The yogurt company Chobani has in the past made news for really great reasons: Six weeks of paid parental leave for every employee, as well as shares worth up to 10 percent of the company for full-timers if and when the company goes public. But in recent months, the New York-based company has come under much more negative scrutiny from right-wing media outlets — leading to death threats for the company’s founder.
Mobilized by the anti-immigration rhetoric that has propelled the presidential campaign of Republican nominee Donald Trump, alt-right trolls have targeted Chobani for daring to hire resettled refugees in the midst of what the United Nations has called the largest refugee crisis since World War II.
The New York Times' David Gelles reported that 300 of the yogurt company’s 2,000 full-time employees are refugees from Iraq, Afghanistan, Turkey, and other countries. Chobani’s founder, Hamdi Ulukaya, a Turkish immigrant of Kurdish descent, now faces death threats for employing immigrants in his New York and Twin Falls, Idaho, factories.
In a January opinion piece for CNN Money, Ulukaya wrote about his advocacy efforts like creating the Tent foundation, an organization that aims to help the more than 65 million people who have fled armed conflict or persecution and now are displaced around the world, to motivate the private sector to help end the refugee crisis:
The Tent Pledge asks companies all over the world to step up and do more. We're asking them to provide refugees with job training, employment opportunities, and the kind of direct assistance that experts have identified as a priority — everything from blankets and water, to debit cards and Internet access.
Shortly after the op-ed was published, the far-right website World Net Daily published a story titled, “American Yogurt Tycoon Vows to Choke U.S. With Muslims." (The title has since been changed.)
But Ulukaya’s column never mentioned Muslims.
Ulukaya’s profile amongst right-wing hatemongers only exploded after he followed-up his column with an appearance at the Davos economic forum in January where he called on multinational corporations to hire more refugees.
"The minute a refugee has a job, that's the minute they stop being a refugee," he told the global business leaders.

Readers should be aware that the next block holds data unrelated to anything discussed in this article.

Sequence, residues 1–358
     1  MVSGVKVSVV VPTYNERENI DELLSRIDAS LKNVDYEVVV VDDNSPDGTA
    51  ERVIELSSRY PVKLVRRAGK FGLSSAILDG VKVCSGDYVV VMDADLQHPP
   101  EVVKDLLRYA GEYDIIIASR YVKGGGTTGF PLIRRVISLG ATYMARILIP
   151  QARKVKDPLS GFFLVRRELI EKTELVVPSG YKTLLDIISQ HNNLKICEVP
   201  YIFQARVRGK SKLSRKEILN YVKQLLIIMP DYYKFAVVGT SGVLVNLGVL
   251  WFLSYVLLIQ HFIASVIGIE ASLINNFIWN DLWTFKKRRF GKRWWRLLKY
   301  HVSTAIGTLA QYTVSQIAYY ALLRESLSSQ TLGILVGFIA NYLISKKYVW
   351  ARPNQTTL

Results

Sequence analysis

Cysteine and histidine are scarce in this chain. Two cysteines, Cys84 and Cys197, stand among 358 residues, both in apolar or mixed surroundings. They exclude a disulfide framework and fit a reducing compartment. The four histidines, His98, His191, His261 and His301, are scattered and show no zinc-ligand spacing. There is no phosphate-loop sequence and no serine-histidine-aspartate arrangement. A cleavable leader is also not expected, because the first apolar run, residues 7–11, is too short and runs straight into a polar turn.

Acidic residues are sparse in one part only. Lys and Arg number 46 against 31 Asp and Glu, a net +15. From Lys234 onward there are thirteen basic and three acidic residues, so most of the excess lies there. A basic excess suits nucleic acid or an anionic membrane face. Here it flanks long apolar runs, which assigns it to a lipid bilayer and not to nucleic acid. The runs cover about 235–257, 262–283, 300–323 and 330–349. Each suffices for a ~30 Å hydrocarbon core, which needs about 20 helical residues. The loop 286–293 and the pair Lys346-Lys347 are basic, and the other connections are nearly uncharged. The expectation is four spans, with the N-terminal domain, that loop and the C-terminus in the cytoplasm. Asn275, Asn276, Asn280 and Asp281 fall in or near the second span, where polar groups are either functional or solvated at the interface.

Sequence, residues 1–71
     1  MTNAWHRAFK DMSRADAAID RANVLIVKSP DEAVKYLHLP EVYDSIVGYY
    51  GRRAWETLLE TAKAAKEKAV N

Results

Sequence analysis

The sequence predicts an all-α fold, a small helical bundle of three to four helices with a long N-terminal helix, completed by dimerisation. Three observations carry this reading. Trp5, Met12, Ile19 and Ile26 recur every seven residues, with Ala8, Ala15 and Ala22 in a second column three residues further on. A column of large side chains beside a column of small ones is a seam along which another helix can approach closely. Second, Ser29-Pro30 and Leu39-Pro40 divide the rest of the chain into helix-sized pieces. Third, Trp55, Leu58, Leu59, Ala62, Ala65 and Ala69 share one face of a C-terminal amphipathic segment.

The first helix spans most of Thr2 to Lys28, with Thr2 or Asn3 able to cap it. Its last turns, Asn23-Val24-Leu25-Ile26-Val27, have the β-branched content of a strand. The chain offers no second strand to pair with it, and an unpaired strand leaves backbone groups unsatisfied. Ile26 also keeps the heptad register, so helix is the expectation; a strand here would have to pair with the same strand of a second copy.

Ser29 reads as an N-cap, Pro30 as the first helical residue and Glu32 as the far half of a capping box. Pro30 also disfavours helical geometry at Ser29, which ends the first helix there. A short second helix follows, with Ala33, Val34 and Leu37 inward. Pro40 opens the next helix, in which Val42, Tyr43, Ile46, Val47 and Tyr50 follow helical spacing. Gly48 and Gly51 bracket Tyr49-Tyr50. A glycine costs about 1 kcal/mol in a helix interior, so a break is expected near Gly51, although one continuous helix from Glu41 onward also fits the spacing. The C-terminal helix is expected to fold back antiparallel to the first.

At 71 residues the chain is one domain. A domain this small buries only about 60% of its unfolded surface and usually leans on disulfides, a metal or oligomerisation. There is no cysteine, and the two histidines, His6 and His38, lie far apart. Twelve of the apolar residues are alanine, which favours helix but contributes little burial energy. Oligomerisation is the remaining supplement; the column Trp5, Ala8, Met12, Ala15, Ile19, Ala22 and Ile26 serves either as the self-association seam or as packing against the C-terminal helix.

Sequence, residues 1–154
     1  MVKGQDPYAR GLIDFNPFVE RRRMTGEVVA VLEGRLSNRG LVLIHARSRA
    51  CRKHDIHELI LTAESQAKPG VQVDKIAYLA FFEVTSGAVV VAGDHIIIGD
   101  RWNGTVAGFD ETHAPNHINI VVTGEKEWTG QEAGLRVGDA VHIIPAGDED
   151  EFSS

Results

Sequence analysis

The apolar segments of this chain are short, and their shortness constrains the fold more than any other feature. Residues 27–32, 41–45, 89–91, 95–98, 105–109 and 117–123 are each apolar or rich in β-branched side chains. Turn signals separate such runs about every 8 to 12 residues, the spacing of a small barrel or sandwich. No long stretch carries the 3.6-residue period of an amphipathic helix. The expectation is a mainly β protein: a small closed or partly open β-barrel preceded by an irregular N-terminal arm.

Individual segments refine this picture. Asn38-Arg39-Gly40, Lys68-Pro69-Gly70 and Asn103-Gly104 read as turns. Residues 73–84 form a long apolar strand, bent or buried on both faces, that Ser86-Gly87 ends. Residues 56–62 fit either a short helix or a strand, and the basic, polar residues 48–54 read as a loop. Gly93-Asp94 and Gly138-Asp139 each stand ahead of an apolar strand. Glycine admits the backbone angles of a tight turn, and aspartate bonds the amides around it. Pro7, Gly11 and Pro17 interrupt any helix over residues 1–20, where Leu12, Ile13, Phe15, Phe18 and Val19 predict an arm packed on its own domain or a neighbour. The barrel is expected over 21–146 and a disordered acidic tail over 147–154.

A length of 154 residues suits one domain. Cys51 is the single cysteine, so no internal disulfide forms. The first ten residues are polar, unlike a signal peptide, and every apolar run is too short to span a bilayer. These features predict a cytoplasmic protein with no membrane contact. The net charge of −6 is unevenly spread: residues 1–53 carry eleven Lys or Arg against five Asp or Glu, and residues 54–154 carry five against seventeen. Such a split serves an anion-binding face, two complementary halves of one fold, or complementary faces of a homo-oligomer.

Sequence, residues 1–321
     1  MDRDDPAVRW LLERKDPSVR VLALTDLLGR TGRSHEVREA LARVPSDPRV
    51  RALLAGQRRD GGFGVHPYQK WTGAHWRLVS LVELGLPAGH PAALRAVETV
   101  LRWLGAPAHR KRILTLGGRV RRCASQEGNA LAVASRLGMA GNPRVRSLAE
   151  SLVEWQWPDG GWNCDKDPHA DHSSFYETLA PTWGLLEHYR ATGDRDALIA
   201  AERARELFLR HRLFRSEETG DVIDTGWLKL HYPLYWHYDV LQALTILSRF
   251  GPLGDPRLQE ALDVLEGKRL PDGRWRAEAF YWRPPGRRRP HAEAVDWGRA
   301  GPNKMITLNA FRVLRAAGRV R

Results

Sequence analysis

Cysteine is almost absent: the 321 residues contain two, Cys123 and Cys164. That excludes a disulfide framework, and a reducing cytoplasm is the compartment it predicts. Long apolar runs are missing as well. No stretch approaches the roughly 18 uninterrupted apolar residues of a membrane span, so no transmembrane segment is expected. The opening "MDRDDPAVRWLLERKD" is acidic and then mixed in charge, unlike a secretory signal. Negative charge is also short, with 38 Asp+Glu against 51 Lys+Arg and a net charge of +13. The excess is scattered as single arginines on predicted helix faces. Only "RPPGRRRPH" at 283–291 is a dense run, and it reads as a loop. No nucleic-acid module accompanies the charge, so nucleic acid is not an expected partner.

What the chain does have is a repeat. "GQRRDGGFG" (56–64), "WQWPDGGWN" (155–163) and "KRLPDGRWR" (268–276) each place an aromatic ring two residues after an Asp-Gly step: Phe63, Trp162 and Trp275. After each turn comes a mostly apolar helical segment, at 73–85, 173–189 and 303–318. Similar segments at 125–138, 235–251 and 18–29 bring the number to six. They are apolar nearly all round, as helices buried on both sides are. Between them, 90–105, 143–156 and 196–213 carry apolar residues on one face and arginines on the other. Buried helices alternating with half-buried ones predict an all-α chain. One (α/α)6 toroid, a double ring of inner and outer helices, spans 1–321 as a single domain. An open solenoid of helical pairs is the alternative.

And after the world’s largest yogurt factory announced plans to expand with a $100 million research and development center in the center of a small Idaho town earlier this year, the company attracted the attention of Breitbart, the right-wing website whose former executive chairman Stephen K. Bannon is now running Trump’s presidential campaign.
Idaho happens to be one of the five highest refugee-absorbing states per capita, due to its low cost of living and 3.9 percent unemployment rate, according to the Daily Beast. The state has welcomed about 30,000 refugees from more than 50 countries since the 1970s. And like he did with his New York factory, Ulukaya relied on a local refugee resettlement center to find new hires for his Idaho plant.
The coverage from Breitbart attempted to smear the company with annual yogurt sales of about $1.5 billion as a menace to society and scourge on the local community.
One Breitbart story suggested that Chobani’s hiring of refugees caused Idaho’s rise in tuberculosis with the headline, "TB spiked 500 percent in Twin Falls during 2012, as Chobani Yogurt Opened Plant." Another titled “Twin Falls refugee rape special report: why are the refugees moving in,” attempted to link the company’s hiring of refugees with two sexual assault cases in the Idaho town. And a third article claimed Chobani has "deep ties" to a pro-Clinton advocacy group that imposed the refugee crisis in Twin Falls.
In August, a white nationalist organization that endorsed Trump for president issued robocalls across Idaho claiming that the “nonwhite invasion of their state and all white areas constitutes white genocide.”
As a result of Breitbart's fearmongering, Shawn Barigar– the mayor of Twin Falls– and Ulukaya found themselves on the receiving end of racist epithets and death threats, the Times reported.
“It got woven into a narrative that it’s all a cover-up, that we’re all trying to keep the refugees safe so that Chobani has its work force, that I personally am getting money from the Obama administration to help Chobani hire whoever they want, that it’s part of this Islamification of the United States,” Barigar told the Times. “It’s crazy.”
According to Business Insider's analysis of the hashtag "boycott Chobani" on Twitter, many of the threats are coming from supporters of Trump:
Breitbart editor-in-chief, Alex Marlow, defended the website’s coverage of Chobani.
“Mr. Ulukaya hasn’t merely involved himself in this issue, he’s been one of the leaders in expanding refugee resettlement in the United States. Breitbart’s explosive growth is due in large measure to the mainstream media’s refusal to cover vital topics like this one,” Marlow said in a statement.
Despite Trump’s army of alt-right trolls, however, Ulukaya stands as a perfect rebuke to those who want to scare the United States into shutting its doors to immigrants.
“He’s the xenophobe’s nightmare,” Kenneth Roth, executive director of Human Rights Watch, told the Times. “Here’s an immigrant who isn’t competing for jobs, but is creating jobs big time. It runs completely counter to the far-right narrative.”